Warrior Kings: Battles

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Warrior Kings Battles Cover.jpg
Developer(s) Black Cactus
Publisher(s) Empire Interactive
Strategy First
Platform(s) Microsoft Windows
  • EU: March 21, 2003
  • NA: September 30, 2003
Genre(s) Real-time strategy
Mode(s) Single-player, multiplayer

Warrior Kings: Battles is a real-time strategy video game developed by Black Cactus and published by Empire Interactive in Europe and co-published with Strategy First in North America. It is a sequel to the 2002 game Warrior Kings and was released March 21, 2003 in Europe and September 30, 2003 in North America.

The story is set 100 years after the first Warrior Kings where the Empire of Orbis has fragmented into states of feuding warlords. Like its predecessor, gameplay focuses on the RTS elements of resource and base management and unit combat but also the alignment system where all players start in similar positions and develop into their own unique faction of choice, the prime being under the strict religious knighthood of the Imperial, occultism and demon worship of the Pagan or the logic and scientific innovations of the Renaissance, all supporting both historical and fantasy based unit design.


Large scale battle at base walls.

Warrior Kings: Battle is a real-time strategy game meaning much of its gameplay is focused on gathering resources and training and management of units for combat against opposing players.[1] There are three types of resources to harvest; food, materials and gold but are not available until they are dropped off at a village and then transported via cart to the main base or warehouse.[2] The later two are gathered from the surrounding environments like forests and mines while food is grown and harvested from built farms with speed of growth depending on how fertile the land beneath it is.[2] A proportion of the food delivered by farmers is removed when they deliver to a village or drop off point representing your fighting units' consumption of food. The proportion removed is reliant on how many farms you have working compared to number of food consuming units.[2] While villages and other resource-based buildings can be built anywhere other than within the base's walls, most military and economy based structures can only be built there, with each added building expanding the walls.[3] There is also a mana bar present on some special units (this is notably absent from all renaissance units) with the ability to use magic. Additionally, some special structures such as the empire cathedral and pagan temple have mana bars that can be refilled through prayer or sacrifice of units depending on the alignment.[4]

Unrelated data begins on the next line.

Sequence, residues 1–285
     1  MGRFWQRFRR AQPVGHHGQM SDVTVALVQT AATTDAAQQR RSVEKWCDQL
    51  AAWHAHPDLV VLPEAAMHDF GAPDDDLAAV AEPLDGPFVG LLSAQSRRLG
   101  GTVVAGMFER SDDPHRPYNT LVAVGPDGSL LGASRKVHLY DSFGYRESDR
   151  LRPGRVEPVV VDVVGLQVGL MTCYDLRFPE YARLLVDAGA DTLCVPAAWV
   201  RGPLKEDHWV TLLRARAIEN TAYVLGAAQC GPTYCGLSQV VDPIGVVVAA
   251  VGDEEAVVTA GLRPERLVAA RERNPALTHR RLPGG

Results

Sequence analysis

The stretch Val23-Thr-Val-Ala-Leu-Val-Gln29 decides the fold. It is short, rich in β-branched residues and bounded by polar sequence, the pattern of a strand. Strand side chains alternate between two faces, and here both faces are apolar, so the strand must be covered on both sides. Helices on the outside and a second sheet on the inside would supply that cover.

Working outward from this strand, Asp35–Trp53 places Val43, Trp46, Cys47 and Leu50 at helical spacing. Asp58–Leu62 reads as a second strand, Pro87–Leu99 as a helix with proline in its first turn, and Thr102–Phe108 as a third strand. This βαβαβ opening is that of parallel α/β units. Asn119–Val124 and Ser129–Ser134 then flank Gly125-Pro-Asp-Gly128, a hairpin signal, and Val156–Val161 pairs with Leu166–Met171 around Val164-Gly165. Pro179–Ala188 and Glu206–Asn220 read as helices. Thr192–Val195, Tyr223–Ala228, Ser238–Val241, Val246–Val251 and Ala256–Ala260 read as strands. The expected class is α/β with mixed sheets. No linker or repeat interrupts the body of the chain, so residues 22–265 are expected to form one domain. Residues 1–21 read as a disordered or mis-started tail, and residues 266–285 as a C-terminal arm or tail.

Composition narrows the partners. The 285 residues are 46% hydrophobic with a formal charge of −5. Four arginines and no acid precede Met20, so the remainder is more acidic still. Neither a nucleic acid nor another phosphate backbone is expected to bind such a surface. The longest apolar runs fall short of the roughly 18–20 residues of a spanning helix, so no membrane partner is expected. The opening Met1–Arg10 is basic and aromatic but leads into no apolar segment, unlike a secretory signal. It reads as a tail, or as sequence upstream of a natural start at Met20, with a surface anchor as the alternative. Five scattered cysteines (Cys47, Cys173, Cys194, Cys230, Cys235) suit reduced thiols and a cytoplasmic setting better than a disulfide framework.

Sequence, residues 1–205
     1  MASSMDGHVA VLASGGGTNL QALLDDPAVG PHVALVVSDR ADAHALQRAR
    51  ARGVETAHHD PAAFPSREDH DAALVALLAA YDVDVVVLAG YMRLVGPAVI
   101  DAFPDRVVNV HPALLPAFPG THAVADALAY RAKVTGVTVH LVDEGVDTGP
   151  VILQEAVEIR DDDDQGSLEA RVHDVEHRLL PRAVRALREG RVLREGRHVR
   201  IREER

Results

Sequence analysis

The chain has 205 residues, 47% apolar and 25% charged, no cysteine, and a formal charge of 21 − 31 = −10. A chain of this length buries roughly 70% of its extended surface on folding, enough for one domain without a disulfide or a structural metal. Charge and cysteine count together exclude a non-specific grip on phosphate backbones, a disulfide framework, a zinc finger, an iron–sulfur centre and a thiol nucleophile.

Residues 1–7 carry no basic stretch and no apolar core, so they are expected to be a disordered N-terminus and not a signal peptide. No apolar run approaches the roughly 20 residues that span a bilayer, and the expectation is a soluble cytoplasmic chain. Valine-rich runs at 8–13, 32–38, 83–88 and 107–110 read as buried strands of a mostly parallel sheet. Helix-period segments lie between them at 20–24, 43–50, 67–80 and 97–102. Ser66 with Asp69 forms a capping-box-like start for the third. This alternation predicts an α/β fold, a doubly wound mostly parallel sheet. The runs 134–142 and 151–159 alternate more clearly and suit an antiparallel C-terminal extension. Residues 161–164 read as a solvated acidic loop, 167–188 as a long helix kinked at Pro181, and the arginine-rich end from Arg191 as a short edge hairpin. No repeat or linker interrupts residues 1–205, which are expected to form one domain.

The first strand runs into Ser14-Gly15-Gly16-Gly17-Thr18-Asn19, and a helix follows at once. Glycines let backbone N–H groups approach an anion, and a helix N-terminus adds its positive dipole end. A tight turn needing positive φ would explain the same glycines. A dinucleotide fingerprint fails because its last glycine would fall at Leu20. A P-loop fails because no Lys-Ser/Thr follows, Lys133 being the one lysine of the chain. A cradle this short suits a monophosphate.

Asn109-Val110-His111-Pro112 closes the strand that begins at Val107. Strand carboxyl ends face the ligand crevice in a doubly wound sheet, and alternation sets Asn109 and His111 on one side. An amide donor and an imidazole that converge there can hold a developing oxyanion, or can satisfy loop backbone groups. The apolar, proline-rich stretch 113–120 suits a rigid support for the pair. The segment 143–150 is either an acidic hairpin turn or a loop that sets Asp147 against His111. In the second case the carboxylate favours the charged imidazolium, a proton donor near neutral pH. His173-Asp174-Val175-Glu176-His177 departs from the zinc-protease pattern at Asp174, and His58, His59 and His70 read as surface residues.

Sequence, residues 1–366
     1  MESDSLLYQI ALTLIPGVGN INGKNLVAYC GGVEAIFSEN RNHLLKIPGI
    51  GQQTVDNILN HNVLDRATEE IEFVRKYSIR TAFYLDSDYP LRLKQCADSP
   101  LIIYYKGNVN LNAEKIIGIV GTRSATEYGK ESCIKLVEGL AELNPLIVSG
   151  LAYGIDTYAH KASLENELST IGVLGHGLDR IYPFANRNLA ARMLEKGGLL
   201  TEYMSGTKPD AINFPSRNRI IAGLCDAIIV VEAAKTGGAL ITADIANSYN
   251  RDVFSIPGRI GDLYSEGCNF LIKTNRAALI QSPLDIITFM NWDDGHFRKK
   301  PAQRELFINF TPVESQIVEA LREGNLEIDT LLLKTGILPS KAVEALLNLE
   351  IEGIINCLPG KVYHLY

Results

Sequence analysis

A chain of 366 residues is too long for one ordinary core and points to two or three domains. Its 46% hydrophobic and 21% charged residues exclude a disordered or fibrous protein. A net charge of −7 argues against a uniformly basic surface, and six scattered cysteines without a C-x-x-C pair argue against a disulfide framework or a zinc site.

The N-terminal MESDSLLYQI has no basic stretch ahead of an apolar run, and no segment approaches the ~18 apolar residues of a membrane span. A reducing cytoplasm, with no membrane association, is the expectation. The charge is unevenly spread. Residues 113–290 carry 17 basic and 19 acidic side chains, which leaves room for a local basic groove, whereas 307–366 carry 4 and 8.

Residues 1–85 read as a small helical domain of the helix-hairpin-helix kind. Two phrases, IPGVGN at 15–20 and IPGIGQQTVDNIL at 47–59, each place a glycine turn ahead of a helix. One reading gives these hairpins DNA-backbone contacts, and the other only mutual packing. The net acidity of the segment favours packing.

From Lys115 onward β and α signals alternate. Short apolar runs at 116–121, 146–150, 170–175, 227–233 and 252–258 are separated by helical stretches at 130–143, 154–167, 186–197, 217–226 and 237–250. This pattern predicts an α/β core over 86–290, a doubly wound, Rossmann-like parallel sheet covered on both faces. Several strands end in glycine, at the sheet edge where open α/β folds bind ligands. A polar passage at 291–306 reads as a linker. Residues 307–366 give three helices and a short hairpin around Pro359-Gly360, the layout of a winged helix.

There are seven broad classes that units may be classified by, these are: Light (mostly ranged), Heavy (melee), Cavalry, Siege, reconnaissance (scouts), demonic, and special. Though some units might be classed as "demonic" or "special", they all count as another type of unit as well. For example, a "gibbering hoard" is a daemon, but also counts as light infantry. All of these unit types are effective and vulnerable to the other classes such as demonic being weak to special and heavy cavalry being weak against heavy infantry head-on.[5] These handicaps require use of terrain, unit formation, positioning, and modus of attack to be considered for units to overcome their inherent weakness'. Units are built at a base level but can be trained for better effectiveness both in battle through the use of attack dummies.[4] Unlike most real time strategy games ranged units have a set amount of ammunition at their disposal that must be replenished by supply carts or certain buildings lest their rate of fire suffer.[4] There are also naval units like attack ships and trade cogs built at a port by water yet can only be built and used in multiplayer games.[6]